After focusing on killing terrorists for 15 years, the Marine Corps is making up for lost time by exploring new technologies to penetrate enemy air and coastal defenses.

"Obviously, having a revanchist Russia and a surging China concentrates the mind," said Col. Dan Sullivan, chief of staff for the Marine Corps Warfighting Laboratory.

This April, the Navy and Marine Corps will hold an exercise at Camp Pendleton, California, that will test more than 100 proposed technologies to help Marines find and exploit gaps in enemy defenses as part of amphibious operations, which will include drones, communications equipment and remote-control amphibious vehicles, officials said at a media roundtable on Thursday.

When Sullivan joined the Marine Corps, he said, the U.S. military had a monopoly on precision-guided munitions and unmanned aircraft and it took both air and sea supremacy for granted. 

But as the U.S. fought lengthy counterinsurgency campaigns in Iraq and Afghanistan, its adversaries surged ahead technologically.

"Certainly, there was no deliberate negligence on our part," Sullivan said. "It's just that we kind of had our hands full there for a while. When the Soviet Union collapsed, China was still poor, that was an anomaly of history in the 1990s. History is back."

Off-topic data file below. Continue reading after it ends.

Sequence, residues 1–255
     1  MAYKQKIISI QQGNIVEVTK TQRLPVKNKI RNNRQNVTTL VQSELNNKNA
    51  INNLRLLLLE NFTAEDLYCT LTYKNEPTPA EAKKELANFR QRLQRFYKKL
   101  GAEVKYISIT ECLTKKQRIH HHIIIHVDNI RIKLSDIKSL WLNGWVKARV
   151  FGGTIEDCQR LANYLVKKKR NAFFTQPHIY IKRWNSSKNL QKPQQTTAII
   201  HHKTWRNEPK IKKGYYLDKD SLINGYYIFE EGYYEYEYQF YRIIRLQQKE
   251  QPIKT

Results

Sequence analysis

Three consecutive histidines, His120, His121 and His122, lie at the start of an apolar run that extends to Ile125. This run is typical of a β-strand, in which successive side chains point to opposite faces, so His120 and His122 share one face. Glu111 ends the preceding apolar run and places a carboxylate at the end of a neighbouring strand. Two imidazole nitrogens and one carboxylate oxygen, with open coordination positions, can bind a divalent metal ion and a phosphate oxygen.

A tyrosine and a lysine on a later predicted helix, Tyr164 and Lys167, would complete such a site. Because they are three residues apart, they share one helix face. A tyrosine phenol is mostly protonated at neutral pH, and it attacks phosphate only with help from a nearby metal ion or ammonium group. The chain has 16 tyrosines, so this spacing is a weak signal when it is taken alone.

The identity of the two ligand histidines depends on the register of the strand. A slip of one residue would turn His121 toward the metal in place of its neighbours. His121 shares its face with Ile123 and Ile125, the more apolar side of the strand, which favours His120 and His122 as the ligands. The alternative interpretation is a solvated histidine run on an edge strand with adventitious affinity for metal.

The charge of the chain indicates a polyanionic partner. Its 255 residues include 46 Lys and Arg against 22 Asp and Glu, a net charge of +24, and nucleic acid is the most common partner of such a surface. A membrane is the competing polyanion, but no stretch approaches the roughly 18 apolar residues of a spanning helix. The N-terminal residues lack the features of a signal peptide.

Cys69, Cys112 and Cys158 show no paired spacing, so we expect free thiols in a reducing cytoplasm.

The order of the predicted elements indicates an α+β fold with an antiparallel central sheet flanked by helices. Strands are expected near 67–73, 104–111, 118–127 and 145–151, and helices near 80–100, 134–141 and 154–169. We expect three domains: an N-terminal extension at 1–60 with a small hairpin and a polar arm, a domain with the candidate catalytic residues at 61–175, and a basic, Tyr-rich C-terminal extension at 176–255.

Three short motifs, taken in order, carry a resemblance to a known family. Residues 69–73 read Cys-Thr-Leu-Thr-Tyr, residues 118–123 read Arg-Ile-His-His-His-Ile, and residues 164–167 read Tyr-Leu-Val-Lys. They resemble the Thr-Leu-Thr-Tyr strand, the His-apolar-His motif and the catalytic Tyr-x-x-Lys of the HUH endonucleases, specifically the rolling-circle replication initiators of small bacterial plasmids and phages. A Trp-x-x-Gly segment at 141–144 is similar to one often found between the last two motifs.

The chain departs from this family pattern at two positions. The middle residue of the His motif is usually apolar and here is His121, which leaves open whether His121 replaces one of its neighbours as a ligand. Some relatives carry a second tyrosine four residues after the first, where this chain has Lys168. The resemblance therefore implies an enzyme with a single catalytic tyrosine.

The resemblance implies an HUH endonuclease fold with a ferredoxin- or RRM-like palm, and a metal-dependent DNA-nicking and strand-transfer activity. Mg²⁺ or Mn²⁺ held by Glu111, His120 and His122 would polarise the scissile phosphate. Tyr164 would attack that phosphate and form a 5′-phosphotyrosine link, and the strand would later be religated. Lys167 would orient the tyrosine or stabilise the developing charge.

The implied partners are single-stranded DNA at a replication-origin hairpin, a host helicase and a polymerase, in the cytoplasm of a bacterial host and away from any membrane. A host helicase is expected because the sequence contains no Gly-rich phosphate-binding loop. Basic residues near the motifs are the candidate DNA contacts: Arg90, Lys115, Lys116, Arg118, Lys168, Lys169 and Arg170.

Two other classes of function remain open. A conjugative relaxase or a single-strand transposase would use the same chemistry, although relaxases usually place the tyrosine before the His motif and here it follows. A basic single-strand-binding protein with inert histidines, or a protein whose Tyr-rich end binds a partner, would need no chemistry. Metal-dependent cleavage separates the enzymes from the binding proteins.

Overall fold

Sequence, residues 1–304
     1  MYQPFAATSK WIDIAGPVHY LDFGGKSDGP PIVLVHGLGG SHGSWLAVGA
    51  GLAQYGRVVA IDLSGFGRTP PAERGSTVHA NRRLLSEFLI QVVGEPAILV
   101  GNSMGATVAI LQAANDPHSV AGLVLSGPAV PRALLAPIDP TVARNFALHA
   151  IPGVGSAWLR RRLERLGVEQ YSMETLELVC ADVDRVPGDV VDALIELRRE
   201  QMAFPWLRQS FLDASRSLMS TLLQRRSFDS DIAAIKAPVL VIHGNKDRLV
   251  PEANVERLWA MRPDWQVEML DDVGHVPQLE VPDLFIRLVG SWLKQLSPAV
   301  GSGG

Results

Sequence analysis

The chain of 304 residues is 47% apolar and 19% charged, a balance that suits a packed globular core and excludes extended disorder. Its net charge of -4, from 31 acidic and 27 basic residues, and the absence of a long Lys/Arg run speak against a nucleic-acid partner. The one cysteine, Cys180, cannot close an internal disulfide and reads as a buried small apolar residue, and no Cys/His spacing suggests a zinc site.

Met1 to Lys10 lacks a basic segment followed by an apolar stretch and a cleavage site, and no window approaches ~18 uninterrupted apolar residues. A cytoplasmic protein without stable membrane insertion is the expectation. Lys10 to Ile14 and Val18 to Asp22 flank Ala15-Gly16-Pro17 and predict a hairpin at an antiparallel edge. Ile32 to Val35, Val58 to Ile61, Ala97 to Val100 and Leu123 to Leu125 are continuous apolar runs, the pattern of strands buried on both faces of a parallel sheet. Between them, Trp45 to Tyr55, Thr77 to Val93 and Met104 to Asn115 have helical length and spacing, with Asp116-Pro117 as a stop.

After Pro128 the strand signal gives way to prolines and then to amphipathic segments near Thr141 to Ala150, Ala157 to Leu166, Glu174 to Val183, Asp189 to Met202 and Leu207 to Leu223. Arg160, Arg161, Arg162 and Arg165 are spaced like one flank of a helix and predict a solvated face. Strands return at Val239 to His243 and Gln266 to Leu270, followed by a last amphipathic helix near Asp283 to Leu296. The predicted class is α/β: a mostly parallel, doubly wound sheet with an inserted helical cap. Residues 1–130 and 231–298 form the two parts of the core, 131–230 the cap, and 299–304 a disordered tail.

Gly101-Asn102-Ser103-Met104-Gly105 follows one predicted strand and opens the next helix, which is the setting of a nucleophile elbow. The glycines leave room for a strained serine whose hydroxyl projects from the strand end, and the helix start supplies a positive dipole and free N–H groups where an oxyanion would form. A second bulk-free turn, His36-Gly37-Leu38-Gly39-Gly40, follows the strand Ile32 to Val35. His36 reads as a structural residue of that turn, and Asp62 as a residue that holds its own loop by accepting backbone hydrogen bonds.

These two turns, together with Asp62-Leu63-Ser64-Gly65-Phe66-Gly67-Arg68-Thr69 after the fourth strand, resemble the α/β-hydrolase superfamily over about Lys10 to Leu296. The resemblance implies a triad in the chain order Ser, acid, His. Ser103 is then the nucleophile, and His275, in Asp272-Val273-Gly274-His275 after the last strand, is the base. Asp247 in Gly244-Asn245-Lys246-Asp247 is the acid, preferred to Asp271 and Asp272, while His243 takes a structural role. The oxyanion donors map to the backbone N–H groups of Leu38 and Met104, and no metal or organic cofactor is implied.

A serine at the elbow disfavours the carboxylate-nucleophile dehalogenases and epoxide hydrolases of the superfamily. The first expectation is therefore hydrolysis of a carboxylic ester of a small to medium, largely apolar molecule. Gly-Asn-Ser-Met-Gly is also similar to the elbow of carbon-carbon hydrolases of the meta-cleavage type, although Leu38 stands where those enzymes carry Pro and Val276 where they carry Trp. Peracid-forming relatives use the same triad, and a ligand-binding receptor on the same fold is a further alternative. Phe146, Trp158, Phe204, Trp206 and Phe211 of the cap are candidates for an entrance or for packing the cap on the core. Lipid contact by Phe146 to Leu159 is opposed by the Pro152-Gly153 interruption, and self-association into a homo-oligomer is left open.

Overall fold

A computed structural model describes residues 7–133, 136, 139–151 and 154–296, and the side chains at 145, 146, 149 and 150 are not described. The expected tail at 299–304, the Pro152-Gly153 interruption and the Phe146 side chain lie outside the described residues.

A joint Navy-Marine Corps task force will determine which technologies the Marines will further test during a military exercise this fall at Camp Lejeune, North Carolina, officials said.

Modern weapons can destroy ships and landing craft hundreds of miles from shore, and now even non-state actors such as Houthi rebels in Yemen have access to anti-ship missiles, remote control boats and other weaponry that could pose a major threat to any Marine amphibious operation.

The Marine Corps Operating Concept released in September indicates how the Corps plans to challenge such weapons. The concept includes a vignette to show what an amphibious operation would look like in 2025.

In the vignette, the Marine aviation commander says he knew that the Marines could not destroy all of the enemy's coastal and air defenses, "But we could create 'bubbles' for small periods."

The intelligence, surveillance and reconnaissance technology being tested in April is meant to help create such bubbles by finding gaps in enemy defenses where Marines can send manned and unmanned forces, said Maj. Jim Foley, with the Ellis Group, the Marine Corps' think tank that explores future warfighting scenarios. 

Another tactic would be to use a "swarm" of unmanned aircraft, submarines and vehicles as decoys to tie up the enemy's resources in a diversion while Marines land elsewhere, Foley said.

With the types of unmanned systems and sensors being tested, the Marines can greatly increase the number of places where they can come ashore, said Doug King, director of the Ellis Group. Swarms of unmanned aircraft can also protect Marines as they land on enemy beaches, he said.

"Think about it this way: I'm maneuvering ashore, potentially in a boat," he said. "What's flying overhead is an unmanned swarm, that as soon as somebody radiates, gives off a signature, that swarm is just going right after them."

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